Well, that’s about all you need to know about how to remove or change the background of an image in Photoshop.Happy Photoshopping!



Boost your Artistic Skill

Post Processing Tricks that may result in a Great Creative Photo:
9 techniques which may result in great photos are,

  • High Contrast Colour,
  • High Contrast B & W,
  • High Colour Saturation,
  • Vintage Look,
  • Lomo Look,
  • Over Sharpen,
  • Texturize,
  • Add Vignette and
  • Add Noise and Grain.

Try out some of these Post Processing techniques to boost your artistic style.

Less known Background Eraser

Less Known Background Eraser:

We are going to use a very little known Photoshop tool call “Background Eraser Tool”. It’s a super useful tool for removing background colors while preserving the main picture that you want. It’s pretty simple so you can start using it immediately after the tutorial.


1. Open up a image you want to remove the background from. Try to choose a picture with the background that contrast with the main picture.You can duplicate this layer if you want to preserve the original picture.
2. Click the “Background Eraser Tool”. Set a soft brush(Low hardness) with the size comfortable to remove the background. Set :”Sampling: Once”. Leave the tolerance at 50%. Select “Protect Foreground Color”.

3. Click the “Eyedropper Tool” to select the color of the picture you want to protect. For my picture, i would click the log.

4. Switch back to “Background Eraser Tool” .Click on the color of the background and start dragging around to erase the background.

5. If there is change in the color of the foreground, switch back to “Eyedropper” Tool and sample the color again. Repeat Step 4 again.

6. After you erase the entire background, let your imagination run wild!!

Power of the Brush Tool

Hidden Power of the Brush tool:
To learn all features, you can simply open Brush palette (Window menu – Brushes), change each setting and try the result when you draw a stroke. The first setting is Tip Shape. You can choose from pre-loaded shapes or you can create your own… more on that later!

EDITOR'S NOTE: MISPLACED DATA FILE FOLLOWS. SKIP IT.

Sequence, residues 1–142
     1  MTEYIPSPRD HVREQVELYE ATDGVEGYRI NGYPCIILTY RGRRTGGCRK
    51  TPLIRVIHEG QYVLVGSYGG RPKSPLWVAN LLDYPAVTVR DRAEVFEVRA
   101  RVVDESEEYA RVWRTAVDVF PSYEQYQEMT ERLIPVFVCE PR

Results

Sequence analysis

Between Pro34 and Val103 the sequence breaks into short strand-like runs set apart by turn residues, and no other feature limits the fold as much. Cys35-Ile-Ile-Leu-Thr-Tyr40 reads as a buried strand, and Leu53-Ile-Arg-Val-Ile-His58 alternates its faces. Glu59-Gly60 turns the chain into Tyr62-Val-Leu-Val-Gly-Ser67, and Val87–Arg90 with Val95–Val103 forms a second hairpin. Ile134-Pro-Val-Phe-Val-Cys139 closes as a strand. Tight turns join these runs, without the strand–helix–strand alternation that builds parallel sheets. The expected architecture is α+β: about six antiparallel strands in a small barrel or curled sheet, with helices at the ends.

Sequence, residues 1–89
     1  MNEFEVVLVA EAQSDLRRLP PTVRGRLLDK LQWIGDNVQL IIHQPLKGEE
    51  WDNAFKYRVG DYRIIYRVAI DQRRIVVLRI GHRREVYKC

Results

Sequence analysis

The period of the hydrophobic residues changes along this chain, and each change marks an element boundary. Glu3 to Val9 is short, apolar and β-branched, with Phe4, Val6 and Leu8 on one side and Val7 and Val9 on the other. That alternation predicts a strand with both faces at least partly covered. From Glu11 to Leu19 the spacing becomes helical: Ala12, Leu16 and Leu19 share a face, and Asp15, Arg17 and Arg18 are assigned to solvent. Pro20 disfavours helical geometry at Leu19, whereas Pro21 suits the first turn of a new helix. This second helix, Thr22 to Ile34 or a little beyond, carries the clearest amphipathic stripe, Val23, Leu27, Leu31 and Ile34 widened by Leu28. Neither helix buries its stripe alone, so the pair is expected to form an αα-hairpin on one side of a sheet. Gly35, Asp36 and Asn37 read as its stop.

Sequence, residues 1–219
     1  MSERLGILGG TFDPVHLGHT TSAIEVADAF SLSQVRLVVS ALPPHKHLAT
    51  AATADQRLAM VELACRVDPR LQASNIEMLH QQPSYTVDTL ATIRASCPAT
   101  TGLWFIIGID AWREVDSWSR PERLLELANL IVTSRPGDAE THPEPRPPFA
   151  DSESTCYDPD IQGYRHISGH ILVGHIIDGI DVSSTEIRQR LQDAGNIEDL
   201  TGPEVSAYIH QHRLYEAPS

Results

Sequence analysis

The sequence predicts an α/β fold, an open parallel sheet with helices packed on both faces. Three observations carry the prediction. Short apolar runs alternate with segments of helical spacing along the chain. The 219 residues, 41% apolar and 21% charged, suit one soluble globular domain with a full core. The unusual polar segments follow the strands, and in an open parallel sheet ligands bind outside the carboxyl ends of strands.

Brush Tip Shape has one interesting setting: Spacing. It is usually around 20-25% but when you set it larger than 100-150% you will get very different result.

Using Shape Dynamics checkbox, you can randomize sizes and angles of brush dots.

Using Scattering, you can randomize locations of brush dots – as you draw a straight stroke, dots are added randomly around your mouse.

You can use Count setting to control amount of dots.

Dual Brush is very interesting feature, which will get you very different results depending on which brush and which mode you choose. Compare the two lines on this screenshot – first line made with simple brush, second – with Dual Brush enabled.

You can use Color Dynamics to randomize (or fade, or control with tablet pen) brush color.

The most exciting thing is that you can easily create your own brush. Let’s make a star brush for example. Create new image with transparent background (square for our star). Set foreground color to Black, switch to Shape tool (U), select Polygon tool on toolbar, open Polygon options, check Star checkbox, set Indent sides = around 90%, and sides = 4.

Draw a shape, rasterize it (Layer – Rasterize – Shape). Select all (Ctrl-A).

Go to Edit menu – Define Brush preset. Choose name for new brush, click OK.

Now, when you open Brushes palette window (from Window menu), you can see your new brush in Brush Tip Shape list.

Now you can enable and adjust Size Jitter, Scattering and Color Jitter, and with single mouse move, get result such as this!